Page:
Elvis Andrus has opened the 2017 by hitting the cover off of the ball.  In his admittedly small sample size this year, he’s already belted three home runs in just 36 plate appearances and is hitting over .300 again after hitting .302 last year – the highest average of his career.  

If you happened to check out the American League leaderboard for hitters, you'd find Andrus atop the league in slugging percentage ahead of the likes of Miguel Sano, Francisco Lindor, and Mike Trout.

In addition to his great power numbers and average to start the season, Andrus has thus far produced a BABIP (Batting Average on Balls in Play) of .310 which is a bit lower than his actual batting average of .353. And while this number fluctuates daily, it currently hovers around his career average for balls in play.  

Basically that means he’s not getting cheated too much and if he can manage to rise to his career high BABIP of .333 from last year, with the same type of contact he is making so far this year, then we are in for a treat. 

But where did this offensive prowess come from?  It may not be as sudden as it appears.

Although it was the second year of manager Jeff Banister’s tenure, 2016 saw a changeover in the hitting coach.  Dave Magadan moved on after the 2015 campaign and was replaced by Anthony Iapoce before the 2016 season got underway.  This relationship has seemed to help Elvis immensely.  The 2016 season saw Elvis reach new heights in a number of offensive categories. 

In addition to batting average his slugging percentage (.439), his Isolated Power (.136) and RBI (69) were all career highs and the recently engaged shortstop, who will become a father this summer, had a strong second half to bring all those numbers up.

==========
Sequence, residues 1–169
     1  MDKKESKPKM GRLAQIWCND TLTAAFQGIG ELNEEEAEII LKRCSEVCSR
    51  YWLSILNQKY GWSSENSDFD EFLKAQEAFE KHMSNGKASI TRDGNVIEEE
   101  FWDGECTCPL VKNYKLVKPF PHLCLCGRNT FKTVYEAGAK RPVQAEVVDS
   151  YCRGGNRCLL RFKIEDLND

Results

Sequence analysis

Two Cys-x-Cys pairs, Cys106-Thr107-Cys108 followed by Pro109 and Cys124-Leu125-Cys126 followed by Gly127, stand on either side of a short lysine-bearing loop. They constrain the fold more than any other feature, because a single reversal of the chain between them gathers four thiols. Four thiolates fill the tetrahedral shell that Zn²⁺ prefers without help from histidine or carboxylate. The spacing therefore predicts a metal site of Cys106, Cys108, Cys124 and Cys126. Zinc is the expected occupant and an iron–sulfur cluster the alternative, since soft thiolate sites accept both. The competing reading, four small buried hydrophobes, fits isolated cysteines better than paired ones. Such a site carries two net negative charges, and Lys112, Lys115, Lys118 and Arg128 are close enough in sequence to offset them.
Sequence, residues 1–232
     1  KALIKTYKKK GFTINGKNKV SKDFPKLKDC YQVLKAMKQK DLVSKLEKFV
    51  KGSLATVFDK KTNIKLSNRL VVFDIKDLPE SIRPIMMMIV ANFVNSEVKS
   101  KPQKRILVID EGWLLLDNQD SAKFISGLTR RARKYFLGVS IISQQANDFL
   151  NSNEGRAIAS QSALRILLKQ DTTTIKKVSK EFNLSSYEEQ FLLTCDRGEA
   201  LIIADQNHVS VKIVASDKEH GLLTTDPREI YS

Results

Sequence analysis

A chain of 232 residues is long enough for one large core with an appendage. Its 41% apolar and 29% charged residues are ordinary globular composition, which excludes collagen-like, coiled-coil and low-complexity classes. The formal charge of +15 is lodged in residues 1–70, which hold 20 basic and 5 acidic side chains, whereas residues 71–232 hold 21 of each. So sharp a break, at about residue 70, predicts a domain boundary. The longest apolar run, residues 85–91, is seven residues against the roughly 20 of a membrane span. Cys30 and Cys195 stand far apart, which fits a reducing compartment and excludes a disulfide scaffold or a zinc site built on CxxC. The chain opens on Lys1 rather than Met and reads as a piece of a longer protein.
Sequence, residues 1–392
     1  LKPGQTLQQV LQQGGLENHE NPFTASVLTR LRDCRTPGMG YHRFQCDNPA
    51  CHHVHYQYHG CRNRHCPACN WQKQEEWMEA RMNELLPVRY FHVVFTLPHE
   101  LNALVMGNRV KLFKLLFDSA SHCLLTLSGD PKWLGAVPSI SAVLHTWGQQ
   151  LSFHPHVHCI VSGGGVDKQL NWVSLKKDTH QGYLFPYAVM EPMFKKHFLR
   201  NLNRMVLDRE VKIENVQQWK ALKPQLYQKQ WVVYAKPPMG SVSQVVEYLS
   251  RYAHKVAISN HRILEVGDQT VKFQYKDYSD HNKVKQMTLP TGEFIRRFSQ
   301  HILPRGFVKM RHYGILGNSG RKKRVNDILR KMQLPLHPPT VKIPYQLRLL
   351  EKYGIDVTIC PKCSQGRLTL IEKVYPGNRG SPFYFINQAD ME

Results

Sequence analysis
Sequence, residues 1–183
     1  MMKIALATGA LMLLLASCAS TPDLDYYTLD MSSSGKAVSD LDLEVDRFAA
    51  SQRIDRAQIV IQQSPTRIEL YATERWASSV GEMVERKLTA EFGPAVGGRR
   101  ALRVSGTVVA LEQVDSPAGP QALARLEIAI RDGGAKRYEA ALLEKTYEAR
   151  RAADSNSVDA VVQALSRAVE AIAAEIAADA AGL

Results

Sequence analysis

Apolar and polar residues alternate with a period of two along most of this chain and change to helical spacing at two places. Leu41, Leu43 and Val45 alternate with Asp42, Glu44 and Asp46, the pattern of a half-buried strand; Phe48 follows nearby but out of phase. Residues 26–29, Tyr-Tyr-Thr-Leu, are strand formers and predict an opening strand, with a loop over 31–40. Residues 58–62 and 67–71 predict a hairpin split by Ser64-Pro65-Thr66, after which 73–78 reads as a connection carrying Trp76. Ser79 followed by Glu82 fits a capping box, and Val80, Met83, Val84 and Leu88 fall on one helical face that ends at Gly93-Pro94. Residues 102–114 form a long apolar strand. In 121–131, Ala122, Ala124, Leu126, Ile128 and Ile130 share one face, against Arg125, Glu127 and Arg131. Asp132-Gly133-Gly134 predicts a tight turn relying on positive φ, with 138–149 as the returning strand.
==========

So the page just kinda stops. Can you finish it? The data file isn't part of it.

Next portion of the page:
Basically across the board Elvis saw his numbers climb after the all-star break in 2016, including a 20 point jump in batting average and a 70 point jump in OPS (on-base plus slugging).

During the first several years of his career Andrus tended to be a slap hitter.  Driving the occasional ball to a gap but mainly finding a way to get on base and utilize his speed as best he could. 

In 2016 we began to see Elvis working on driving the ball more and the numbers increased as the season wore on despite apparently dealing with a sports hernia which required surgery to repair as soon as the season ended. 

When breaking down video of Elvis’ swing from earlier years you can see a big difference.  Notice the quick toe tap from 2014 and the full-blown power hitter leg kick from his home run against LAA on 4/12/17.  There’s no mistaking Elvis is trying to drive the ball now, and the results are laid out in the numbers.

Iapoce has also apparently instilled a new approach.  From 2015 to 2016 Andrus’ batting average with less than two strikes jumped 46 points (.255 to .291) and his number of plate appearances that never reached two strikes went up, meaning he was making contact earlier in counts, and getting more hits while doing it.

That hernia surgery meant Andrus took it slow at the beginning of spring training this year but he has showed no signs of letting a late start slow him down out of the gates. 

A potential positive side effect of this slow ramp up is a renewed stamina and increased overall level of fitness for Elvis Andrus this year but it’s also easy to forget: Elvis is still growing up.  Even though 2017 is his 9th year as a big leaguer, Elvis is only 28 years old and is still firmly in what should be his physical prime. 

Couple that physical growth with the understanding that he has gained in the first eight seasons of his career, led by the likes of Michael Young and Adrian Beltre, and this offensive surge could be the result of a lot of things coming together for Andrus, both physically and mentally. 

A greater understanding of what pitchers are trying to do – including throw strikes to guys hitting down in the lineup where Elvis has been hitting, could be a factor in his newfound hitting prowess.

After having his share of detractors early in his contract extension, Elvis Andrus is starting to blossom into a true organizational player, the type of cornerstone to this franchise he is being paid to be.  

Does Elvis Andrus belong among the American League's best shortstops? Share your thoughts on Elvis' power surge with Chris on Twitter @RealChrisRoland.